Hepatitis B & liver cancer

If you have chronic hepatitis B, you're at risk of liver damage and liver cancer

In Australia, there is an estimated 226,566 people living with hepatitis B. 

  • People who've had hepatitis B for more than 6 months have ‘chronic hepatitis'.
  • Up to 1 in 4 people with chronic hepatitis B will die from liver cancer.
  • Most people don't have any symptoms, yet liver damage can still happen.

Quick facts

  • Prevention is the best protection – vaccination can prevent hepatitis B infection and related liver cancers.
  • People who were infected at birth or during childhood are more likely to have chronic hepatitis B, and develop liver damage and/or liver cancer. 
  • People with chronic hepatitis B can lead healthy lives. With regular tests every six months and treatment when needed, liver cancer can be prevented in the long run.

Download our Portable Document File (PDF)Hepatitis B and Liver Cancer fact sheet

Who is at risk of chronic hepatitis B?

Some people are at higher risk of chronic hepatitis B. Tests are recommended for:

  • Family members, people who live with or, sexual partners of someone who has chronic hepatitis B
  • Pregnant women
  • People who inject drugs
  • Men who have sex with men
  • People who are in or have been in custodial settings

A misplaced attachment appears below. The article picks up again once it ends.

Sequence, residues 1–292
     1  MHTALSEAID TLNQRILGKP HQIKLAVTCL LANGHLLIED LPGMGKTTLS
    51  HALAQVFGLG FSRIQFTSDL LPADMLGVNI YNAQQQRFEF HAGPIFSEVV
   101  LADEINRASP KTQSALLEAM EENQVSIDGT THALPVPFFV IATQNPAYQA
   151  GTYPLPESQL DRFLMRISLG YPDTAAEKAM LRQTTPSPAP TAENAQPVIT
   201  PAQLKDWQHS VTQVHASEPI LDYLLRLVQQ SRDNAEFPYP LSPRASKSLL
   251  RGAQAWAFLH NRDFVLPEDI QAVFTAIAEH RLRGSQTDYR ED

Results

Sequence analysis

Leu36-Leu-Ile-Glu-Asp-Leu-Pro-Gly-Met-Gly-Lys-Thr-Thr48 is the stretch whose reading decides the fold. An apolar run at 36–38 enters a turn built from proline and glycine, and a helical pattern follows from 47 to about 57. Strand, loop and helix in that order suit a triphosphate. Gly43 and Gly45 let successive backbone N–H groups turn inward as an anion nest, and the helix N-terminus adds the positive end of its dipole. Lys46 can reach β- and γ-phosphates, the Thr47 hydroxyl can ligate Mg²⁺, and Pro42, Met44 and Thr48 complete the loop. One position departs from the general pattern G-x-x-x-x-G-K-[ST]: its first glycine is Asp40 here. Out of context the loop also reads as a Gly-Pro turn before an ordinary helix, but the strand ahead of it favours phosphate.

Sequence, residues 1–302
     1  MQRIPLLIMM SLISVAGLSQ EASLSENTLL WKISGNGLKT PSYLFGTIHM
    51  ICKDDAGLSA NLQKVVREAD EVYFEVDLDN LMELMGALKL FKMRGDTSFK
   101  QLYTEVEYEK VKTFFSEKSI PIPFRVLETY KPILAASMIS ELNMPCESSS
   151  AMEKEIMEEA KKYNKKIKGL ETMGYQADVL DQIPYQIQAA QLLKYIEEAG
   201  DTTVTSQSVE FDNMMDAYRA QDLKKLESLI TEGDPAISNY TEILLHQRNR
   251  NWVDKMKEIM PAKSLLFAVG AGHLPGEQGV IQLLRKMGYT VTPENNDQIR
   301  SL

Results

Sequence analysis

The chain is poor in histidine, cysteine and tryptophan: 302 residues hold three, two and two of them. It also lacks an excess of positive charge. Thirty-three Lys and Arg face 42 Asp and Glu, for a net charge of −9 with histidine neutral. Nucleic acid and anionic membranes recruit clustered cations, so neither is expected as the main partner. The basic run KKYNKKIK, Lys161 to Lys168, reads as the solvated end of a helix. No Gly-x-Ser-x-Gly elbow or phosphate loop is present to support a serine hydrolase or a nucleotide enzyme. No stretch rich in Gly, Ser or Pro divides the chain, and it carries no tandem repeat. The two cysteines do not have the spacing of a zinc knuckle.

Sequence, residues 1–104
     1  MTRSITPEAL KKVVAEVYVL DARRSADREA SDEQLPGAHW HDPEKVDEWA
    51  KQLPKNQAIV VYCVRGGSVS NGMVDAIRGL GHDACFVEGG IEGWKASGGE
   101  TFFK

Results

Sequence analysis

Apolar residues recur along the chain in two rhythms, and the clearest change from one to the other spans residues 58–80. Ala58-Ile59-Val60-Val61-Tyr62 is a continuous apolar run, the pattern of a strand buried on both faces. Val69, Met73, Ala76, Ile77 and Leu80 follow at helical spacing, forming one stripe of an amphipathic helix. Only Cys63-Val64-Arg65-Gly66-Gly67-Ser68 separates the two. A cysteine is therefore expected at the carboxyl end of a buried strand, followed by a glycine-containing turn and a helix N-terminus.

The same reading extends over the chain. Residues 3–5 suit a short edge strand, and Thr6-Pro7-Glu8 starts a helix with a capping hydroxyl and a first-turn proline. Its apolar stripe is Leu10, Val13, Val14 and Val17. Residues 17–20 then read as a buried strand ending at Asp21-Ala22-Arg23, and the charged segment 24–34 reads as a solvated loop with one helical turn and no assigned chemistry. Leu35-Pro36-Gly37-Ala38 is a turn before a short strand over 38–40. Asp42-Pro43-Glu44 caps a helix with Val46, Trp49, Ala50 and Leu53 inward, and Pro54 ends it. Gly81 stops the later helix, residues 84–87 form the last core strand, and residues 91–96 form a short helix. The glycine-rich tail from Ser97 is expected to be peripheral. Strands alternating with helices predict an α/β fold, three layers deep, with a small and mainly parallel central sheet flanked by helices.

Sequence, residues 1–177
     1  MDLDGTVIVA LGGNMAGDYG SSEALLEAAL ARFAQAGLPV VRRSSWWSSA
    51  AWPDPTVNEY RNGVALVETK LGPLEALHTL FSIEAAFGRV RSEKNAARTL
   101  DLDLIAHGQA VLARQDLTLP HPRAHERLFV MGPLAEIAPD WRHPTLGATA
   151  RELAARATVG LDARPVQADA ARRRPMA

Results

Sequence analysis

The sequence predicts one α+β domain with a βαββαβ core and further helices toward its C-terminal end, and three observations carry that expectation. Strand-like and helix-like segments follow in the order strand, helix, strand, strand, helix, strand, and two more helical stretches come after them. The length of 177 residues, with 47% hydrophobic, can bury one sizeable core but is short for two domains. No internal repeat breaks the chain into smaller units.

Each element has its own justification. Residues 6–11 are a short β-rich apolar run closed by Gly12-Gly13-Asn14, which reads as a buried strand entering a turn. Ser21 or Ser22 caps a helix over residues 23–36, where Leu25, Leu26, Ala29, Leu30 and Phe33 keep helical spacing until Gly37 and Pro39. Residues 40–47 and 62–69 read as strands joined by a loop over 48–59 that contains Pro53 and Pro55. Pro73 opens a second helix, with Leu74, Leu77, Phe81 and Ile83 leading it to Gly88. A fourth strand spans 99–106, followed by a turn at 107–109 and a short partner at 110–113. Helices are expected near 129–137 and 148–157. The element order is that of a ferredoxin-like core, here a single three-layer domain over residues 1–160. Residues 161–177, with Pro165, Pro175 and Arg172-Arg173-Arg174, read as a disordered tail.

• People undergoing dialysis
  • People with hepatitis C or HIV, or both
  • Sex workers
  • People who are about to start chemotherapy or immunotherapy 
  • People who already have (or have a family history) of liver disease and/or liver cancer.

How do I know if I have hepatitis B?

Ask your doctor for a hepatitis B test

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If you don't have hepatitis B, get vaccinated to prevent hepatitis B infection and related liver cancer

If you have chronic hepatitis B, get six-monthly check-ups and treatment when needed to cut liver cancer risk


If you're not sure if you've been tested or vaccinated in the past, we recommend you ask your doctor for a simple blood test. Your doctor can also give you information about free hepatitis B vaccinations.

A simple blood test can tell you:

  • if you need a vaccine to protect you
  • if you've been vaccinated and are protected
  • or if you have chronic hepatitis B and need further care.

Australia has had a free infant vaccination program since 2000. For adults, the hepatitis B vaccine is three doses given over six months and can protect you for life. But vaccination won't protect you if you already have chronic hepatitis B. This is why testing before vaccination is especially useful for people in a higher risk group.

Where can I get more information? 

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